Do you feel as a writer that you have a duty to inform/educate children whether about the threats to the natural world or the structure of society? How conscious are you of the need to balance that with entertainment and providing them with adventure?
The story is about a child forced into an adventure, and the changed world is a backdrop that builds as she negotiates it. It can be read just as an entertaining adventure. Talking about environmental issues is a delicate area. Children need to understand, think and talk about threats to our environment, but they need to do it within a safe framework. Future solutions need creative thinkers and one thing we know about humans is that they do not like to think about things that scare them. So I’m super conscious that children need safe childhoods but also, it’s important to begin the process of talking about these issues. Especially since most children are already aware of them. Everyone needs to talk about these issues, so we can all understand better what the facts are. The modern world is full of scare-mongering and misinformation, and that does no one any good. The one thing I feel I can do for children is show them kids their age, coping with change, and coping with a devastating future scenario. I believe it’s empowering to show them characters who find the courage to cope with danger, who have the love and support of a family, and that this is something that they can stand up for.
The Dog Runner ends on a positive note. How important was that to you?
I think children see too much these days. I love what young people like Greta Thunberg are doing, raising awareness of climate problems, but I worry that children see facts and figures and governments not acting and they despair. I worry they will be overwhelmed and jaded before they see anything achieved. They aren’t familiar with how slow and stubborn governments can be. So when I talk about my books with children, I always end by telling them what individuals are doing with renewable energies and electric-powered vehicles, drones and planes. How beneficial fungi are being discovered and utilised to recover polluted and dead land. How individuals are changing the world one idea at a time, and impress upon them the importance of thinking creatively about solutions like these individuals. So it was very important for me to end The Dog Runner on a high note. On a note of renewal. And when I talked to a grassland regeneration expert based in the Wimmera, one of the great grasslands of the world, he impressed upon me, that a grassland will always return to grass, and that grass will outcompete all weeds if just left alone long enough, and if the fungi in the soil is healthy.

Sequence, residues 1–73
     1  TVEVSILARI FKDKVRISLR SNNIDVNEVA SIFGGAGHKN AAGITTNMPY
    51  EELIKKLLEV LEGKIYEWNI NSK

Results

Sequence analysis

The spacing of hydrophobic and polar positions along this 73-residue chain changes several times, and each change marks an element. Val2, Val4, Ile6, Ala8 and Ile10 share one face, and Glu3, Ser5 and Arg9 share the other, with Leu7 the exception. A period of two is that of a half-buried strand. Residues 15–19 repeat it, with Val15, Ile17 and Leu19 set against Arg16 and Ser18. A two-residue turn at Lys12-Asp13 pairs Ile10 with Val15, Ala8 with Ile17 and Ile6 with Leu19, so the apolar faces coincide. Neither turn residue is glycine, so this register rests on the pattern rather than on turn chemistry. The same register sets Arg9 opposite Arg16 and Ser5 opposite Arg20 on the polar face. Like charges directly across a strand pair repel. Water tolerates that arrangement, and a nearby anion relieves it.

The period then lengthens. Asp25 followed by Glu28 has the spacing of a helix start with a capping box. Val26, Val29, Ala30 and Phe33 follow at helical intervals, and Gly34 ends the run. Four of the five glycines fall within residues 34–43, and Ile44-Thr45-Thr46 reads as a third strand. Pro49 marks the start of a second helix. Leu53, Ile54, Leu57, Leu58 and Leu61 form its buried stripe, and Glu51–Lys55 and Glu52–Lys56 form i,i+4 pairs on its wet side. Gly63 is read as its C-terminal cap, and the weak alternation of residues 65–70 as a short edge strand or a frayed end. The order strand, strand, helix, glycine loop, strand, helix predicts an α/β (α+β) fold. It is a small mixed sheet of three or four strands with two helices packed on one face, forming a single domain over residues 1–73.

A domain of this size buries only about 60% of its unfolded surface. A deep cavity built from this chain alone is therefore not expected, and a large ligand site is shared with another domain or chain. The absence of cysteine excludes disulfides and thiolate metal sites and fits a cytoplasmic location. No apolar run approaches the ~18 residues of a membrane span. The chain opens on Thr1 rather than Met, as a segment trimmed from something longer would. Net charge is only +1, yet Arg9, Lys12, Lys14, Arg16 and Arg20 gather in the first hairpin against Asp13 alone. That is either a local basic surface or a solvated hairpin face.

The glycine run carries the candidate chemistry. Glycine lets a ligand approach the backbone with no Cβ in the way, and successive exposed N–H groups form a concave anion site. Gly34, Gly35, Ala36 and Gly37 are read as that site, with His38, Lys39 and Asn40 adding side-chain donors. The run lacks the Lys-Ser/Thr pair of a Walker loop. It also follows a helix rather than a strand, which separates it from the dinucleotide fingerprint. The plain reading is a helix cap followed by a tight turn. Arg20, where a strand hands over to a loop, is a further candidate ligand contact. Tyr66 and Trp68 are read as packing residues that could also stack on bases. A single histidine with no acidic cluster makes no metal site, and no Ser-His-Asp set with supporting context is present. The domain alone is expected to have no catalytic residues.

Are you working on a new project?
I’m working on something a little more out there set in a city dealing with food-terrorism, but if that’s too scary, I may pocket that for a while, as I’m also working on a really fun novel set in a far future drowned world. While a drowned world may not seem fun, for the inhabitants of the hilltops and mountains that are now islands, it’s life as usual. Life goes on in some form, is a much more comforting theme than a city’s food supply at the mercy of a nefarious force.
The Dog Runner is published by Old Barn Books, 978-1910646489, £6.99 pbk.